The Mansion house of John Ward
As I promised, I have been researching the Mansion house of John Ward through the internet. In the future, I plan on having pictures of the ruins and the graveyard.
The mansion house burned down at the end of the nineteenth or beginning of the twentieth century and it was never rebuilt.
Below is a link to a National Register of Historic Places form for the House Locust Hill which is on the property which belonged to the Ward family and is near the ruins of the Mansion House.
According to the link below, John Ward settled in Pittsylvania County with his brother Jeremiah, and his wife, Ann Chiles. Ward and his brother operated multiple mills, including a mill on Chiles Creek. John Ward also ran a ferry on the Staunton river and ran a tavern. In this link, they describe the mansion as three stories which he located near his ferry. He also built a second house that served as batchelor quarters for his two unmarried sons, John Jr. and Jerre. In 1805 94 year old Ward received a license to run an ordinary at the location, but it was his sons who transformed the modest house into “The Waldorf Astoria of Pittsyvlania County” The sons also built a kitchen, a smokehouse, and a carriage house to service the establishment. This tavern serviced stagecoach passengers on their trip from Lynchburg to Danville. The tavern tract remained in the family until 1849 when it was sold by Robert Ward to James Hoskins Stone.
In the detailed description of the property for Locust Hill they list as No. 19. Mansion Site. Late eighteenth century. Remains of John Ward’s House. 10. Tavern Built ca. 1772. Dismantled and moved to present location ca. 1859 with additions. 11. Carriage House. Late eighteenth century. Two story wood frame building with pitched roof.
According to the book Frontiers Along the Upper Roanoke River, John Ward built his house on land that had been bequeathed to his wife, Ann Chiles Ward, by her father,Colonel Henry Chiles. Sometime around 1760, the mansion was completed, but Anne Chiles Ward did not live to enjoy her mansion as she died before she could move into the home he had lovingly built for her. The Mansion was erected on the high bluffs between Otter and Roanoke Rivers. The book Campbell Chronicles and Family Sketches by R. H. Early places the mansion east of the mouth of Otter river near its entrance into the Staunton and only a few miles from where the town of Altavista now stands.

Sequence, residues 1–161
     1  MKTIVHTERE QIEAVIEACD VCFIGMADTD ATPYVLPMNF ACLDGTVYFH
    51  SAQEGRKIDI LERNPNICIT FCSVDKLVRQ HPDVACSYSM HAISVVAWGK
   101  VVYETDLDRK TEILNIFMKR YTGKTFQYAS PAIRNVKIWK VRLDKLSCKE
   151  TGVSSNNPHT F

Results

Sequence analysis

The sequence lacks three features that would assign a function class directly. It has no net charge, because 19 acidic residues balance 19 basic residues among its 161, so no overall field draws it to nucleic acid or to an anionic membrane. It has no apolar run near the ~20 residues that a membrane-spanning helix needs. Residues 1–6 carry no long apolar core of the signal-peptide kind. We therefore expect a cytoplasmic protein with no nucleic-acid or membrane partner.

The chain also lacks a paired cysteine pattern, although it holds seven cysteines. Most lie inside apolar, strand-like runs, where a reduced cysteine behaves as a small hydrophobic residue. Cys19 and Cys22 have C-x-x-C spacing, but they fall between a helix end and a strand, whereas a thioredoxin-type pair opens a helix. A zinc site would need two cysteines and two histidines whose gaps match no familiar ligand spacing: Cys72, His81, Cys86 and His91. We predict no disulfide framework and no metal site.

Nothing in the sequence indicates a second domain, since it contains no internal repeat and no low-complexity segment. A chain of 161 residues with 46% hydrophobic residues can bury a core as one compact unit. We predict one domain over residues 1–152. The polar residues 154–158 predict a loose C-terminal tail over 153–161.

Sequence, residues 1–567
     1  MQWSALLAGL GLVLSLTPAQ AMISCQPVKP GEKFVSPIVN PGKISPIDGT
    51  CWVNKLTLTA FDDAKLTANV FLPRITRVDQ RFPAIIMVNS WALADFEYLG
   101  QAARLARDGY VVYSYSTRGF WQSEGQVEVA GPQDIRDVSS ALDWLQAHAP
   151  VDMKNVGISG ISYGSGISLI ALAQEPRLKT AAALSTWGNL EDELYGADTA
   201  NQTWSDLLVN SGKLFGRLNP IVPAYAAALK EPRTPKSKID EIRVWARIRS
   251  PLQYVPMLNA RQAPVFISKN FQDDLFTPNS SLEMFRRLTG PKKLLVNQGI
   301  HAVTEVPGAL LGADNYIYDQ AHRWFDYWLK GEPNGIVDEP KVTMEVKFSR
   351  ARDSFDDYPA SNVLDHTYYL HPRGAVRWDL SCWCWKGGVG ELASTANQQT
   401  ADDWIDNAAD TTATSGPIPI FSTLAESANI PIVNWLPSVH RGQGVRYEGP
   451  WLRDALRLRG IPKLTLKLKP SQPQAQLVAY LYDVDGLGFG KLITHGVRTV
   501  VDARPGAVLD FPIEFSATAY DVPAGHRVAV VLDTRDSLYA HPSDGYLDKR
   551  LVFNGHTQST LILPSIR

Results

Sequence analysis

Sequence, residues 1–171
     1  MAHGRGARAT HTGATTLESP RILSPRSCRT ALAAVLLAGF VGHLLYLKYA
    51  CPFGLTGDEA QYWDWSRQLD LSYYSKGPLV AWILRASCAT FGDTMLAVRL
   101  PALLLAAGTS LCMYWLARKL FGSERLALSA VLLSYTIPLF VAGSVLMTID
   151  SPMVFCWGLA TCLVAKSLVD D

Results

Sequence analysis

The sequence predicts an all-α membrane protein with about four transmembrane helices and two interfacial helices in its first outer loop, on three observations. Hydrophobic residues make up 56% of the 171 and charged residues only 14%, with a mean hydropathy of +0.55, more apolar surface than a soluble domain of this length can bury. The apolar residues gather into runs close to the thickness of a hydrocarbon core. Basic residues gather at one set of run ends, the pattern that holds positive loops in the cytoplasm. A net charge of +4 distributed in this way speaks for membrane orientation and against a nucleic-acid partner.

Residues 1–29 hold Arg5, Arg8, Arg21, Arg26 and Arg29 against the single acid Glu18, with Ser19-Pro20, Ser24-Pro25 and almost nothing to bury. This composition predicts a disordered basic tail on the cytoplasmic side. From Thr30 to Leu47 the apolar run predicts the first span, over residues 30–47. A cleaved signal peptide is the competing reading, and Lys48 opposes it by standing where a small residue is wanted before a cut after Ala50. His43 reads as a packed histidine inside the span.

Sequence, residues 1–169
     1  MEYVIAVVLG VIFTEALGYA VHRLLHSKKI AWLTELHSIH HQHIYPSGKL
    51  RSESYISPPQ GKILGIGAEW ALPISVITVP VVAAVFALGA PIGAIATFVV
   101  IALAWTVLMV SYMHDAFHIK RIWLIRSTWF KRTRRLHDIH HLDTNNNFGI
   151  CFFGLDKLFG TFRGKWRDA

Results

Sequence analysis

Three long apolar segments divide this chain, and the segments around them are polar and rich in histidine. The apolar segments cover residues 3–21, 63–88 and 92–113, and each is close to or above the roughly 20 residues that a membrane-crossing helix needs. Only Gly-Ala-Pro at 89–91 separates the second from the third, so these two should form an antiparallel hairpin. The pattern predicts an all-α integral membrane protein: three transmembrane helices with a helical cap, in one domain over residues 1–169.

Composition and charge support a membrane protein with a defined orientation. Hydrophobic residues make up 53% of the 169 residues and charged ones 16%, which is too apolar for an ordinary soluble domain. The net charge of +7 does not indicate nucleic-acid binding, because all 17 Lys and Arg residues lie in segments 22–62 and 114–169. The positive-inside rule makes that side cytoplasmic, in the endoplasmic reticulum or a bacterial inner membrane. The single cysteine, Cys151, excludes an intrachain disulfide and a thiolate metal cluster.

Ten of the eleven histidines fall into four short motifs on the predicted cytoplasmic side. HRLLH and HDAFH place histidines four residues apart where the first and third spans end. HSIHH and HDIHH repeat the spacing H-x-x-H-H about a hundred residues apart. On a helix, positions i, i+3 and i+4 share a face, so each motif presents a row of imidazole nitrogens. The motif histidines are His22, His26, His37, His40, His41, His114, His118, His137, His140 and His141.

A description of the house is found in the Frontiers Along the Upper Roanoke River:
A massive front door, studded with hand-wrought nails in an ornamental pattern, opened into a hall-living room with a corner fireplace. Above the mantel shelf there were two small cabinets let into the chimney. The hall opened into the master bedroom and the dining room, each of which also had doorways to a small rear hall leading outside. A stairway led to four bedrooms above and continued to the third floor which was constructed like the rest of the house with smoothly plastered walls and smoothly finished floors.
Ann and Agatha Ward, twin sisters, were married in the house. One can only imagine the celebration that took place. In early colonial times, a wedding would last over two days with dancing, feasting and music. The wealthier the families the more sumptuous the occasion. So these weddings must have been a gala event.
Although, Ann Chiles Ward never resided in the house, John Ward married Sarah Clark Lynch, a quaker and the mother-in-law to his daughter Anne, on December 17, 1766. There they both resided until their death. They were buried on the grounds.